Smart Tests Achilles but Exits Practice Early

WALTHAM, Mass. - Optimism waned Tuesday afternoon in regard to Marcus Smart's availability for Wednesday night's game against Orlando.

The Celtics had hoped that Smart, who suffered a strained left Achilles Friday night, would be able to fully participate in Tuesday's practice. However, as Brad Stevens revealed, such was not the case.

“Marcus started off practice and then did not complete it,” Stevens told the media following Tuesday’s practice. “I would say that he’s unlikely (for Wednesday), but I don’t know."

On the surface, this is bad news for the Celtics, as they’re likely to be without their top rookie for at least another game. However, digging deeper, there is a positive to today’s news.

For the second time this season, Smart is listening to his body. He attempted to return to practice from a sprained left ankle on Nov. 26 but didn’t feel quite right. As a result, he pulled himself from practice, just as he did on Tuesday.

Smart’s decision to leave practice on Tuesday did not alarm the coaching staff. As Stevens explained, the rookie was just following directions.

“The directive he was given today was, ‘You see how you feel and you decide,’” the coach said. “Obviously he didn’t feel great. I think he just didn’t feel great and pulled himself out. That’s the directive he was given.”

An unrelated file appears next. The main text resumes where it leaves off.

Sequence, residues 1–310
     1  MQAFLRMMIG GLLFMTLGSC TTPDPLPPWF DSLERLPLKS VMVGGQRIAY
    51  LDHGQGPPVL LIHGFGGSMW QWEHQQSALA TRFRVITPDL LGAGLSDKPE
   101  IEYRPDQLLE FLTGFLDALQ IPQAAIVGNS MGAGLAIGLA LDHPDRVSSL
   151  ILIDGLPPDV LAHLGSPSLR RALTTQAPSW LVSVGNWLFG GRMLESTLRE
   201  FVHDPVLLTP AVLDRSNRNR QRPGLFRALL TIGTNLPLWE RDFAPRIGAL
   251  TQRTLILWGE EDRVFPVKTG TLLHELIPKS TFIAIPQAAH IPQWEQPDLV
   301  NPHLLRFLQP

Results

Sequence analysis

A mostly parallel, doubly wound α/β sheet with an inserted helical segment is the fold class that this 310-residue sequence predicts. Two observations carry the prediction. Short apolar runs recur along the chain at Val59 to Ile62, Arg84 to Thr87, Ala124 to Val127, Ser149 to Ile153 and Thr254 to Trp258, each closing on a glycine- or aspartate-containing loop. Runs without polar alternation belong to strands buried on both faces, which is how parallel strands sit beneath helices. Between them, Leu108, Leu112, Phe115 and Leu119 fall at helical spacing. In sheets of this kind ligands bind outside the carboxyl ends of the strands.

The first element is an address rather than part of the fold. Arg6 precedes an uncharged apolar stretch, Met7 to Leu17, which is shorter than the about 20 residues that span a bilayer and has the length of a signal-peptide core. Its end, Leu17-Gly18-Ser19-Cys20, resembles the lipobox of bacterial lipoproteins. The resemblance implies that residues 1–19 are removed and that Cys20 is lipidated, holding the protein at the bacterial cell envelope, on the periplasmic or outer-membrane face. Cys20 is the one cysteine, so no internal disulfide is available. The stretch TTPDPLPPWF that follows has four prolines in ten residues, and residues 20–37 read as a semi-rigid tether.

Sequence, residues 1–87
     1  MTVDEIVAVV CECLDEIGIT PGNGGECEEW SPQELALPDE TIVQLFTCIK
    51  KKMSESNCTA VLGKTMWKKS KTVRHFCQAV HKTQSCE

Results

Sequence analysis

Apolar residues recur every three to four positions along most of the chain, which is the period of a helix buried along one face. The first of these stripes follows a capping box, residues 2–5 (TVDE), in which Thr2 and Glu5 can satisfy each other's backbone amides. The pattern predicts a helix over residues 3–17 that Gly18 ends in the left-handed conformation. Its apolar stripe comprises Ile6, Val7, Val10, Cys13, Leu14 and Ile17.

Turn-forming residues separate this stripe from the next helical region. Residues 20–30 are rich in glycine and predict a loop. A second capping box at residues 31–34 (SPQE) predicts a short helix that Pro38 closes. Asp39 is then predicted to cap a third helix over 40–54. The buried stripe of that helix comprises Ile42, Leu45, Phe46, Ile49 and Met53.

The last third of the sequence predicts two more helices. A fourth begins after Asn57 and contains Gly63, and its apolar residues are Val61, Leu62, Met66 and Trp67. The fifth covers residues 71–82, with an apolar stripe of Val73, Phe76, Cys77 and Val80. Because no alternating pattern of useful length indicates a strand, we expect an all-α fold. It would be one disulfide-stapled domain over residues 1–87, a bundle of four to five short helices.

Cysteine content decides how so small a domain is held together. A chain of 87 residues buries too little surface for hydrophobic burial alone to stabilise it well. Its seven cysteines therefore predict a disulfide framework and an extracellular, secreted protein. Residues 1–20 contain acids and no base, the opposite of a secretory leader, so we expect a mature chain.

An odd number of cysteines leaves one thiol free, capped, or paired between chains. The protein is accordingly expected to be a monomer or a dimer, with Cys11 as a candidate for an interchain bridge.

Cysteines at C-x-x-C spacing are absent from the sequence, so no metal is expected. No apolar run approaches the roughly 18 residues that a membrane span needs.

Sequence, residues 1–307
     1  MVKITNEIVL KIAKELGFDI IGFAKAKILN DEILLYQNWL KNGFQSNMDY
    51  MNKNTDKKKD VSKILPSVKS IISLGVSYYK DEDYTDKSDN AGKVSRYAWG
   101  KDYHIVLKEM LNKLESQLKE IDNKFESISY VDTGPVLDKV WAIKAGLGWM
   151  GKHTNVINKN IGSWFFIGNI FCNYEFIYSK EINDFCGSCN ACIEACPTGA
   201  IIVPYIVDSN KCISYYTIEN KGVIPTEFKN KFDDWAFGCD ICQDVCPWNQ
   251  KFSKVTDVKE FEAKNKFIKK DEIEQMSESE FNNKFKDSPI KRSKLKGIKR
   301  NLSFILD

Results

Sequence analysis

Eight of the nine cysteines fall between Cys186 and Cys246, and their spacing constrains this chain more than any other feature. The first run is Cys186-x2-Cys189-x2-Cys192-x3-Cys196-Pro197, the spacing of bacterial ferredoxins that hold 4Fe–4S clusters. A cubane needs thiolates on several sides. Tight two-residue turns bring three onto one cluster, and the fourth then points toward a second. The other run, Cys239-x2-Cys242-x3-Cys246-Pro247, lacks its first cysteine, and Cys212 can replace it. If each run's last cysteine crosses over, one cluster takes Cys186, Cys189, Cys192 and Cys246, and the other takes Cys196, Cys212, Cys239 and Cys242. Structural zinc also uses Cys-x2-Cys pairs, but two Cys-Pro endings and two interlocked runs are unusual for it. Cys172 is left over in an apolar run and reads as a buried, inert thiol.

Smart has also been advised by his teammates to take caution with his return. Avery Bradley, who dealt with similar Achilles pain following multiple ankle sprains throughout his career, has been one of the key voices on that front.

“I just listened to my body,” said Bradley, “and that’s the same thing I tell him: ‘Don’t come out here and try to be Superman. Just take your time and when your ankle is ready, it’s going to be ready.’”

It is clear that Smart’s ankle wasn’t ready to go today. He tested it out, but to no avail.

Sill, there remains a chance that he could arrive at TD Garden tomorrow night feeling like he’s able to play. If such is the case, Stevens would not call his bluff.

“It’s his call and it’s the trainer’s calls,” Stevens said of the aforementioned scenario. “I don’t get into trying to be smarter than I am. If he tells me he’s OK (I’ll assume he’s OK).”

It seemed from an outside perspective like Stevens eased Smart back into the lineup following the rookie’s sprained ankle. After becoming available to play on Dec. 3, Smart logged a total of only 13 minutes over the course of the next three games. Stevens downplayed that fact after being asked about it on Tuesday.

“That was just because I didn’t feel like he was up to speed,” Stevens explained, “not necessarily just because of his injury.”

Regarding his mindset upon a player’s return from injury, the coach later added, “I think you have to give him a chance and see how he feels, but at the same time, you have to be cognizant of the injury. I can’t try to figure the injury out. That’s for the people that are a lot more qualified than I am.”

When making that comment, Stevens was referencing Boston’s medical staff and Smart. The medical staff will know when Smart is healthy enough to participate without further injuring himself. Smart will know when he feels healthy enough to not only participate, but to compete at a high level.

As much as the Celtics had hoped, today was not the day for the latter to take place. Smart’s return to action remains filed under “TBD.”


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